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Q: Differences between broth, bouillion, and stock? ( Answered 5 out of 5 stars,   1 Comment )
Subject: Differences between broth, bouillion, and stock?
Category: Family and Home > Food and Cooking
Asked by: nautico-ga
List Price: $5.00
Posted: 03 Aug 2004 11:22 PDT
Expires: 02 Sep 2004 11:22 PDT
Question ID: 383025
Some recipes call for chicken broth, others for chicken stock. I have
seen both specifically labeled as such in some markets, but the stock
version is hard to find. The last I found came in a box with a pouring
spout. What are the specific differences between chicken stock, broth,
and bouillion that are packaged for sale in markets?
Subject: Re: Differences between broth, bouillion, and stock?
Answered By: pinkfreud-ga on 03 Aug 2004 12:12 PDT
Rated:5 out of 5 stars
Ahoy, Nautico!

These are very nebulous terms. When I took a cooking class (many moons
ago) we were taught that the main difference (when referring to canned
or prepackaged products) is the amount of salt. Stock contains no
added salt, broth contains some, and bouillon contains a hefty amount.
Canned bouillon may be more highly concentrated, with a more intense
flavor than stock or broth. Bouillon is more likely to be made from
mixed sources (for instance, essences of both meat and vegetables in
one product).

However, these days the terms are so loosely used in commercial
preparations that they are relatively meaningless. The FDA doesn't
enforce any standards in relation to these terms, so a packager is
free to describe a product as he sees fit. The old guideline regarding
saltiness is confounded by the fact that bouillon now comes in
"low-sodium" versions. I have no idea whether these are palatable;
since I am one of the rare persons who is on a high-sodium diet, I
seldom buy reduced-sodium products.

Here are some online references to stir the pot:

"The basic difference between a stock and a broth is this: a broth is
seasoned (with salt) and a stock is not. A stock is never served on
it's own, a broth may be. Really a stock is an unfinished product that
is waiting to be transformed into a soup or sauce by a talented chef."

Essortment: Stocks and broths recipes

"One of the most important things you can have in your larder at all
times is an ample supply of stock, broth or bouillon.  What?s the
difference?  They  are virtually the same however, the food processing
industry has sort of sorted them out.  Stock usually refers to what
you have made at home.  Broth usually refers to a canned product you
can buy and bouillon usually refers to the powder or little
concentrated cubes you can buy.  They are all made by cooking bits and
pieces of animal or vegetable together until the liquid is flavorful."

Mexican Cuisine: Basic Instructions for Making Stock 

"Stock is the liquid extracted from foods slowly cooked in water
and/or wine and used as a foundation for soup and other things; broth
is an English term for the liquid extracted from meat cooked slowly
with water, which is then concentrated and used either as a foundation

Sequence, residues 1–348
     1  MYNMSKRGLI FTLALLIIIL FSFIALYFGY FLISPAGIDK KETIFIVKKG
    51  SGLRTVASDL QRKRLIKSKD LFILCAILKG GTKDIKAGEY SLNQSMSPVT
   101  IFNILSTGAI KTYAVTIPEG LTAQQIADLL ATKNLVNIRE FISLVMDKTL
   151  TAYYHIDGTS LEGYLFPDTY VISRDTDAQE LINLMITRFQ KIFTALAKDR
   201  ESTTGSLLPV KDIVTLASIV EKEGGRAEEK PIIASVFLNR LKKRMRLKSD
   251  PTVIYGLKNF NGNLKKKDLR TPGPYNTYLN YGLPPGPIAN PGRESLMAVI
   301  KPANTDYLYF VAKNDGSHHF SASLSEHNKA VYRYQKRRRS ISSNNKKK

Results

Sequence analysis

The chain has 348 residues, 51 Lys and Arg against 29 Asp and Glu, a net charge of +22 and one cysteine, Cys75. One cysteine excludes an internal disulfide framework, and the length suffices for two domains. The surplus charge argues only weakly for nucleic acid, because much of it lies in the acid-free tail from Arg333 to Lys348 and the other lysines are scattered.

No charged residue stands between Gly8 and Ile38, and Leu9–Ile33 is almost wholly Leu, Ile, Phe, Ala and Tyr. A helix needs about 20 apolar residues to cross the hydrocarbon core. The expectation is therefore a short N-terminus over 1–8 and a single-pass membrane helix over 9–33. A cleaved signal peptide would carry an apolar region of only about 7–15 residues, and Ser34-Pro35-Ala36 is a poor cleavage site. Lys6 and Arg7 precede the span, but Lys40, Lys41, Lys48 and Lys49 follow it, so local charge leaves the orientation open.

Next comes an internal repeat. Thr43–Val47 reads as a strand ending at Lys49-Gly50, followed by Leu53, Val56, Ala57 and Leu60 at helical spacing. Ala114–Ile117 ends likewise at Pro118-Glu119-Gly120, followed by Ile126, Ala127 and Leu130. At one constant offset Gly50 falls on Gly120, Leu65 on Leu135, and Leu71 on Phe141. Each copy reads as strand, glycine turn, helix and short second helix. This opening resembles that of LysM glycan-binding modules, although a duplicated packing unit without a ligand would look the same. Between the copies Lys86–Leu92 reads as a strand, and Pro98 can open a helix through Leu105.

for soup or as a simple soup itself (pretty much like the French
bouillon and the Italian brodo; consommé is a double-strength stock
'finished' into a clear soup; and double consommé is a consommé that
has been clarified... When the stock is boiled down further, it
becomes, progressively, a flavoring, essence, and glaze."

Soup Basics: It's a Question of Stocks

"Q. What is the difference between broth, bouillon, stock and consommé?

 A. Broth is any liquid that results from cooking meat or vegetables
in water. Bouillon is another word for broth and is also the most
common name for the dehydrated broth cubes or granules that you can
buy ready-made from the grocery and which dissolve in water in a few
minutes, and serve as a substitute for cooking meat or vegetables for
several hours. Stock refers to the liquid from cooking meat or
vegetables and seasonings in water. And consommé is clarified meat or
fish broth."

Oriental Web: Frequently Asked Questions about Soup

"Difference between a stock, broth, bouillon and consommé: All begin
as a stock and as we now know, stocks are divided into white, brown,
fish and game and go on to receive further cooking and become
incorporated into sauces and soups. Broths or bouillons (same) are
simply stocks which are strained then and served as clear soups, with
or without a garnish. Consommés are stocks which have been carefully
stained and then clarified usually, but not always by the use of egg
whites. Consommés are also often enriched (double consommé) during the
clarification process by using lean chopped beef."

The Mars Cafe: How to Use the Ingredients

"Bouillon, Broth, Stock: Used interchangeably, all three terms mean
the rich, savory liquid made by simmering meat, fish, or poultry with
vegetables and seasonings in water. Bouillon, from the French verb
'bouillir' [to boil] is sometimes made of a combination of meats;
broths and stocks, however, are usually made of one meat only. Brown
stocks are brewed from beef and beef bones and white stocks from

Tom Saaristo: More Soup

Here's an article that's worth reading in its entirety:

California BBQ Association: Bouillon, broth, consommé and stock

Google search strategy:

Google Web Search: broth bouillon stock difference

I hope this helps! Please don't dock my points for giving a "stock response." ;-)

nautico-ga rated this answer:5 out of 5 stars and gave an additional tip of: $5.00
Wow! Now I know more about this subject than anyone else on my block! Thanks, Pink.

Subject: Re: Differences between broth, bouillion, and stock?
From: pinkfreud-ga on 03 Aug 2004 12:25 PDT
Many thanks for the five stars and the nice tip! It's always "souper"
to work for you. I do love a customer who won't smack me upside the
head if I can't resist making a bad pun. ;-)


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